Online counselling firm BetterHelp will be ordered to pay $7.8 million to consumers to resolve claims that it disclosed private patient information to outside parties, reported Health News.
The Federal Trade Commission (FTC) has released a proposed order prohibiting BetterHelp from disclosing consumer health information to specific third parties for the purpose of re-targeting or displaying adverts to users who have already visited BetterHelp's website or used its app.
The California-based business provides online counselling services under a number of different identities, including BetterHelp Counseling and other apps targeted at particular demographics, like Faithful Counselling for Christians and Teen Counselling for younger users.
The FTC lawsuit claims that BetterHelp broke its pledge to keep customer-sensitive data private by sharing it for advertising purposes with Facebook, Snapchat, Criteo, and Pinterest.
For instance, BetterHelp made many commitments to keep consumers' personal health information confidential, only using it or disclosing it when necessary, such as when offering counselling services, the Health News report said.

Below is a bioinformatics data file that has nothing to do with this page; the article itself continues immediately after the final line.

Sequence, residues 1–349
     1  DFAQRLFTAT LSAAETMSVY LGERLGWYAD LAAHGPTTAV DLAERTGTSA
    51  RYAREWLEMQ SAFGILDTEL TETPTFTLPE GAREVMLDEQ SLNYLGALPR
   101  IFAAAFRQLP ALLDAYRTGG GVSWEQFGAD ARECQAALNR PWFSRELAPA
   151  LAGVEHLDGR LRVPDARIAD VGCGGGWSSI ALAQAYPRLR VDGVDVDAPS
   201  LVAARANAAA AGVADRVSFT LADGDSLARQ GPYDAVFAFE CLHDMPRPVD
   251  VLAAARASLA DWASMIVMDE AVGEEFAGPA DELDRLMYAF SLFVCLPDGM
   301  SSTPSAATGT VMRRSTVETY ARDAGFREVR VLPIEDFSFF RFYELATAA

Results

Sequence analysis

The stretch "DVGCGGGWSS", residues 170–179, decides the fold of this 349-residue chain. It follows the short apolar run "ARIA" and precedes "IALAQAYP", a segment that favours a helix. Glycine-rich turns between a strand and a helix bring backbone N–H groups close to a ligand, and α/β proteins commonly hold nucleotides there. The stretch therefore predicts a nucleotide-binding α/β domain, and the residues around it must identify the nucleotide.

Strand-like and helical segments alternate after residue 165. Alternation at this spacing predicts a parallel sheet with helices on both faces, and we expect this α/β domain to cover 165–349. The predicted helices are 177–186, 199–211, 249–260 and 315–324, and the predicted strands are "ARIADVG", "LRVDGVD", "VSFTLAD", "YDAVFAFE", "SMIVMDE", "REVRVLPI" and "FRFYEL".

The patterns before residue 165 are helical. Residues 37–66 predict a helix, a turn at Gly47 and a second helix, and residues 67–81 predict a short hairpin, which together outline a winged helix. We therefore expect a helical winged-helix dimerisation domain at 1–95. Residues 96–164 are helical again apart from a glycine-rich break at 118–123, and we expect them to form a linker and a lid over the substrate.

Customers' email addresses, IP addresses, and responses to a health questionnaire that asks about sensitive mental health information, such as whether customers have ever experienced depression, had suicidal thoughts, or whether they are currently taking any medications, are, however, data shared with third parties.
The FTC alleges that BetterHelp gained tens of thousands of new paying customers by exploiting their data to tell Facebook to find other customers who had similar interests and target them with ads for their counselling service.
The proposed order announced on March 2 also places restrictions on how BetterHelp can share customer data going forward, including requiring them to delete any previously disclosed personal customer data and requesting affirmative express consent before disclosing personal information to third parties.
The $7.8 million that BetterHelp is required to pay, according to the FTC's proposal, will be used to partially repay customers who paid for BetterHelp's services between August 1, 2017, and December 31, 2020.
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